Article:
…or Crow Pose…
…which can be really fun! And the music she plays for end of class savasana—“corpse pose”—is invigorating yet soothing. I always feel strong but stretched out at the end of a good Vinyasa class.
Description: Blends moving meditations and bliss producing restorative poses, typically done on the floor with lots of supportive props coupled with soothing music to help the body release. Restorative poses are an important part of any long-term yoga practice: they recharge our energy reserves, heal the effects of stress, and bring our nervous systems into a more balanced state. This class will leave you feeling relaxed, refreshed and renewed.
Review: You know how a lot of people—myself included—say they like yoga because “it’s good for your body and your mind”? Well, Restorative Yoga will benefit your mind more than anything else. Sure, the class has some nice gentle twists and a few recognizable yoga moves, but I would almost venture to call this a Meditation Class instead of a Yoga Class. Don’t expect to get a workout in this class, but do expect to get super relaxed. This is a great class to decompress and de-stress. But if you show up pumped for some chaturangas, you may get a bit bored.
Human Being Training Yoga
Description: Human Being Training classes are yoga- based, music-infused adventures into realizing your genius, the reason you’re here. Rediscover an ancient message in a refreshing, unorthodox way, through a powerful blend of humor, raw physicality, intellect, and heart.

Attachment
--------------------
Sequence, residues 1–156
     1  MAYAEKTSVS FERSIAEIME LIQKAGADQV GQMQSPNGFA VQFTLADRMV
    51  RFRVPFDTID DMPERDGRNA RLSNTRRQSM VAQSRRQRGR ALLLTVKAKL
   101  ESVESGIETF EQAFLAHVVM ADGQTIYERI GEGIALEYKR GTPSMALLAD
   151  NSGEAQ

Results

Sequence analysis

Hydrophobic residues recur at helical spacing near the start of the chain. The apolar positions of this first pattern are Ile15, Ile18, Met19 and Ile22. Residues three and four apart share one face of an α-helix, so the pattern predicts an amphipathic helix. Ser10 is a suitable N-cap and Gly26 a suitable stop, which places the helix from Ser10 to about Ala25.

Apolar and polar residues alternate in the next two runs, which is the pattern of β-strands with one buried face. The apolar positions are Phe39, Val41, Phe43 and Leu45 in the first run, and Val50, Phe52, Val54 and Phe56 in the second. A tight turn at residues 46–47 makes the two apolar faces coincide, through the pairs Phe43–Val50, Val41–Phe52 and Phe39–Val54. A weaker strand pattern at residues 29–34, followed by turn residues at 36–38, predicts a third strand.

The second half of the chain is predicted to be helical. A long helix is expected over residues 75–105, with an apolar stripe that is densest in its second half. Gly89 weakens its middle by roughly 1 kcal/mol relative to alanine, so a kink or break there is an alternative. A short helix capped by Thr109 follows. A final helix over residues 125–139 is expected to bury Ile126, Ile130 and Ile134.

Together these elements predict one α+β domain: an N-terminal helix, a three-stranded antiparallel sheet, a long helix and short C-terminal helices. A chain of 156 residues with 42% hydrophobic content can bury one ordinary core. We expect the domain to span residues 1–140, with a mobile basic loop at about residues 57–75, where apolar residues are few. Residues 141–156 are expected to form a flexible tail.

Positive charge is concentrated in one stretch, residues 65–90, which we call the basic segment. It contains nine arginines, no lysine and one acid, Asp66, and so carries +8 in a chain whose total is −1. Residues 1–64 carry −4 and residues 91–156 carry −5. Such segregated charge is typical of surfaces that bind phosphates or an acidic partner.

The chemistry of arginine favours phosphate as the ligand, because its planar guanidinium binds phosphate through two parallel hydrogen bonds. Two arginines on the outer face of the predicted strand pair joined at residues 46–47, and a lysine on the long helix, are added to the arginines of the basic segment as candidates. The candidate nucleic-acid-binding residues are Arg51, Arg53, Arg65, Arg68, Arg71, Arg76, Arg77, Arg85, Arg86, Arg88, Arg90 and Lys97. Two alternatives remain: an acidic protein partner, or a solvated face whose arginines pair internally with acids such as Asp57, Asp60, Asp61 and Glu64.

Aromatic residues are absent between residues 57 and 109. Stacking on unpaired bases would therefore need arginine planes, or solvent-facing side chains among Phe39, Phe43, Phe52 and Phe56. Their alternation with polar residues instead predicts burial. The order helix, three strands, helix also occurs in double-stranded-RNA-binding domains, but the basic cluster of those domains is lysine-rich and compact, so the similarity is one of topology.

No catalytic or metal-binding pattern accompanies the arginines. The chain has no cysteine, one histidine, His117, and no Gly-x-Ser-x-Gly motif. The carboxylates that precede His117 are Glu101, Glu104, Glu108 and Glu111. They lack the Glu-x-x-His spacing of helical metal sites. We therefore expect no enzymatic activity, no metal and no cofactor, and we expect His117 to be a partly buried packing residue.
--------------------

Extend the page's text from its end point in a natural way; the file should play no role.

Review: I had avoided this class as well as the Restorative Yoga class because they both sounded a bit too hippie-dippie for my liking. True, the teacher Amanda spent the first several minutes philosophizing, but when we got down to it it was a solid, challenging yoga practice. From what others have told me, this class varies greatly week to week, but from what I saw this class allows freedom of expression in the simpler sequences and the chance to challenge yourself in harder poses. Amanda is also very receptive to the suggestions of the students and had a sociable presence. But be prepared to work—the teacher is very strong, and the prevalence of Plank in her class shows it. I would’ve like to have done a bit more stretching, personally, but overall it was a decent class.
There are many different variations of yoga offered at the Cal Poly Rec Center, and the thing I’ve learned from taking the time to try them all out is that there is truly a yoga class for everyone. So next time you want to go to yoga at the Rec, I hope rather than be overwhelmed by the different options you’ll refer to these reviews to help you decipher the classes.